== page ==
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Hardcover | $51.00 Short | £37.95 | ISBN: 9780262028905 | 264 pp. | 6 x 9 in | March 2015
Paperback | $30.00 Short | £22.95 | ISBN: 9780262527385 | 264 pp. | 6 x 9 in | March 2015
eBook | $21.00 Short | ISBN: 9780262327091 | 264 pp. | March 2015

Engaging the Everyday

Environmental Social Criticism and the Resonance Dilemma

Overview

Far-reaching efforts to address environmental issues rarely seem to resonate with citizens of the United States or other wealthy postindustrial societies. In Engaging the Everyday, John Meyer considers this impediment to action on environmental problems—which he terms “the resonance dilemma”—and argues that an environmental agenda that emerges from everyday concerns would resonate more deeply with ordinary citizens. Meyer explores the contours of this alternative, theorizing both obstacles and opportunities and then considering it in terms of three everyday areas of material practice: land use, transportation by automobile, and home dwelling.

Adopting the stance of an “inside critic” (neither detached theorist nor narrow policy advocate), and taking an approach that he calls “contested materiality,” Meyer draws on a variety of theoretical perspectives to construct a framework for understanding material practices. He reimagines each of the three material practices in terms of a political idea: for land, property; for automobiles, freedom; and for homes, citizenship. His innovative analysis offers a grounded basis for reshaping our talk about political concepts and values.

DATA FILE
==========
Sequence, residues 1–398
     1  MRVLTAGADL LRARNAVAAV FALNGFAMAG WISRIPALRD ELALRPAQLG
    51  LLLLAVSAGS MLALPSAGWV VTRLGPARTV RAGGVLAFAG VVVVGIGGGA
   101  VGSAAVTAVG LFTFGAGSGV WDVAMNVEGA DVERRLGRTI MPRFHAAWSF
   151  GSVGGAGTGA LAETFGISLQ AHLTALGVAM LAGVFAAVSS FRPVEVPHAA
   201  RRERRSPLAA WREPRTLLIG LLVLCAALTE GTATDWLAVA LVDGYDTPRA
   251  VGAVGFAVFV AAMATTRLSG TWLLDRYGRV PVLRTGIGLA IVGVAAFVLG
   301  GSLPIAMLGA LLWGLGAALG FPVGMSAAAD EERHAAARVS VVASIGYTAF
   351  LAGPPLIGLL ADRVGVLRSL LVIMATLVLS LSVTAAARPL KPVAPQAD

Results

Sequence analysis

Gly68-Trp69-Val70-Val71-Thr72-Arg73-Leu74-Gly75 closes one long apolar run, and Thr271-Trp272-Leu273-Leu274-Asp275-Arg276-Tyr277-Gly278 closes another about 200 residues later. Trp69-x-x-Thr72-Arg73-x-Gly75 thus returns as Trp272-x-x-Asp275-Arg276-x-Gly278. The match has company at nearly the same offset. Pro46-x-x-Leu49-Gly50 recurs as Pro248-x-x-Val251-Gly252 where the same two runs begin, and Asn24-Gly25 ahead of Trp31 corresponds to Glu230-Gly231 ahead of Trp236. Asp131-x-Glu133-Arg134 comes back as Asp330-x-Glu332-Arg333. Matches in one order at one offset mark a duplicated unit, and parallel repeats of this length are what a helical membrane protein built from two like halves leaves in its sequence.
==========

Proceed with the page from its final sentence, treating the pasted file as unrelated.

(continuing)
About the Author

John M. Meyer is Professor in the Department of Politics and a Faculty Member in Environmental Studies and the Environment and Community Graduate Program at Humboldt State University. He is the author of Political Nature: Environmentalism and the Interpretation of Western Thought and the coeditor of The Environmental Politics of Sacrifice (both published by the MIT Press).

Endorsements

Engaging the Everyday isn’t a book you read every day. Yet again, John Meyer, one of the most interesting environmental philosophers, thinks outside the box. This time it is about how we rather than ‘the system’ or ‘corporations’ could limit the harm to the environment.”
Avner de-Shalit, The Hebrew University, coauthor of The Spirit of Cities
“Meyer pioneers a uniquely political approach to environmental social criticism that follows from a startling central proposition: that it is not outright opposition and denialism that are the most significant impediments but what he aptly terms the ‘resonance dilemma.’ This is the failure of climate and environmental challenge—however important we may grant that they are—to strike us as integral everyday concerns. This lively, eloquent, accessible volume models the very style of social criticism that it calls for in response to this dilemma: a ‘resonant’ environmental criticism that works on (rather than against) everyday practices.”
Lisa Disch, Department of Political Science, University of Michigan, Ann Arbor, author of Hannah Arendt and the Limits of Philosophy
“Reviewing a vast range of theorists, Meyer shows them wrestling with the same issue: how to frame environmental arguments in a way that gives them political efficacy. He argues cogently for respecting the complexity of people's existing values while aspiring to move them to change their behavior for environmental reasons.”
Kerry Whiteside, author of Divided Natures and Precautionary Politics